Media: Have I got ancient news for you

It may not be as sexy as comedy or wildlife, but history is the latest TV ratings-puller. By Darius Sanai

THE BRITISH fascination with examining and retracing the past shows no sign of abating. The ratings reveal that the past, whether in the form of DIY archaeology, jazzed-up history or serious documentary, is more popular than ever.

The biggest attention-grabber this year has been C4's Time Team, a Sunday- night show about amateur archaeology which has gained a 3.6 million audience- rating and a devoted fan-club numbering 25,000. The book of the series is at number three on the Sunday Times bestseller list, the channel has had massive demand for memorabilia, and it won an award at the British Television Society awards last week.

This Saturday BBC2 starts a new History Zone. Viewers will be able to watch a two-hour block of historical and archaeological programming, featuring shows such as One Foot in the Past and Meet the Ancestors, to complement Friday's Comedy Zone and Sunday's Animal Zone.

Even with the channel's pedigree, elevating documentaries of the Gulag to the same status as Have I Got News For You and the antics of furry creatures, shows confidence in the pulling power of the past.

Jane Root, BBC2's controller and the woman responsible for the History Zone, says history has only recently become so sellable. "Lots of things have happened in the past 10 years or so that mean history is no longer dull and dusty," she says.

"Programme-makers have become really good at storytelling, at narrative history, and now there's a feeling of taking part. Even 10 years ago it was considered impossible to show a programme about pre-20th century history. That has changed."

Ms Root, who took over at the channel late last year, announced at the time that "you can't afford not to be brave on BBC2". But is BBC2 breaking new ground or just reacting to the ratings? "Running any channel, you do some brave things and others that build on past success," Ms Root says. "While with comedy we're pushing back boundaries, here the boundaries are about engaging people in different ways."

There's something reassuringly British about it. The British are by reputation a gentle nation, and there seems nothing more British than the idea of having a nice cup of tea while watching some people dig in a suburban garden in the hope of finding a saucer dating from the 17th-century.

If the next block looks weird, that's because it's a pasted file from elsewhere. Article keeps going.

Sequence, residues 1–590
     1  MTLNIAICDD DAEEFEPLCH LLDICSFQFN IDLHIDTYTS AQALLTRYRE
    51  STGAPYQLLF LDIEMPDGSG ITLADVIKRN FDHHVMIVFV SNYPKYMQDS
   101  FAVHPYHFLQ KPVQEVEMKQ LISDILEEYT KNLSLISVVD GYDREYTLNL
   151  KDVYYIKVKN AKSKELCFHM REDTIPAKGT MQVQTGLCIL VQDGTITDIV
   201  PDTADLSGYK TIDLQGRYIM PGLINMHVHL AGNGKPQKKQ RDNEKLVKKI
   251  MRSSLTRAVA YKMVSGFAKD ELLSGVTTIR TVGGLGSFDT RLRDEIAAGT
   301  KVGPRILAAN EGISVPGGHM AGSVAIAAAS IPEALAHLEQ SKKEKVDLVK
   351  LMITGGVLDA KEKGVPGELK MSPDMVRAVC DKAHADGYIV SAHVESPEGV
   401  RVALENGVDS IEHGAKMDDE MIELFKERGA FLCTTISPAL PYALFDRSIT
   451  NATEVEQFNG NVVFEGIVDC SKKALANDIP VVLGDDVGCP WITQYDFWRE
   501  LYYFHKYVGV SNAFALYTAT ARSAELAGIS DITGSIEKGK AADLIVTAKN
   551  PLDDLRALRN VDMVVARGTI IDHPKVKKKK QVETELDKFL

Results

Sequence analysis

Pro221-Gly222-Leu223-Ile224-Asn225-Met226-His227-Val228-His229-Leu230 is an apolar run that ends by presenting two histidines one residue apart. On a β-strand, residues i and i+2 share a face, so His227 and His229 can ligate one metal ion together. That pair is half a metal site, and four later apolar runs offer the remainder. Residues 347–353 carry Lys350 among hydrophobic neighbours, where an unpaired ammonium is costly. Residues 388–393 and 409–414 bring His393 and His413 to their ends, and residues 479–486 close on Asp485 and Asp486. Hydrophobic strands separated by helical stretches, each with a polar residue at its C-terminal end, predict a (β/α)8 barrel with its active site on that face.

Paula Snyder of C4's Time Team says TV is responding to a general fascination with the past. "In the run up to the Millennium, people are asking more questions about who we are and where we come from. It's fascinating to explain: all the bones and artefacts and bits of pottery have helped shape our destiny." Time Team has, in the words of Tim Taylor, the series producer, used "quirkiness" to make it attractive. "Before, the tradition in televising archaeology was to get some wonderful expert who would talk down to the audience. The key with us was to do it live, and risk failure." The popularity of this approach speaks for itself: the show's website receives 1.5 million hits after an episode.

"To make compelling TV you find people using new techniques to illustrate history," says Jenny Barraclough of Mentorn Barraclough Carey, leading documentary makers. "And it's not just about the ancient past. How am I going to convey what it was like for someone in a trailer park in the 1960s American South, waiting for one of the first heart transplants? You get a figure sitting in a trailer park in a 1960s ambience, and maybe turn it sepia. The viewer expects these things, and it gives them an idea of the humans involved. The key is the anecdote: that's what works, and that's what's changed."

Mrs Barraclough used these techniques in NBC's popular History of Ancient Civilisations. She produced the programmes on the Ancient Greeks and the Menoans, and though the 1996 series won an Emmy, it was criticised for being overly populist, using extensive dramatic reconstruction and anecdote in documenting the ancient world.

"It hasn't played here, perhaps because it's seen as too populist," she says. "But it's amazing NBC commissioned something like that. It was brave of them, and it worked."

There is, however, a fine line for broadcasters to tread between turning viewers off by sounding like a fifth-form history lesson, and trivialising the past by reducing it to a series of human-interest anecdotes. "The key is balance," says Jane Root, pointing out that the History Zone programming also features Into Africa, a series about the precolonial history of the continent.

The "Zone" packages are more marketing ploy than policy change, Ms Root admits. "Nowadays, with the multiplication of channels, you need to navigate your way around complex choices," she says. "We wanted to make it easier to find an element you can call your own." Through that logic, a prime- time Saturday night History Zone on state-owned television, in a nation consumed by its complex history, seems extraordinarily apt.

Suggested Topics
PROMOTED VIDEO
Arts and Entertainment
The frill of it all: Hattie Morahan in 'The Changeling'

theatre
Arts and Entertainment
Gillian Anderson and David Duchovny may reunite for The X Files

tv
Have you tried new the Independent Digital Edition apps?
Arts and Entertainment

ebooksNow available in paperback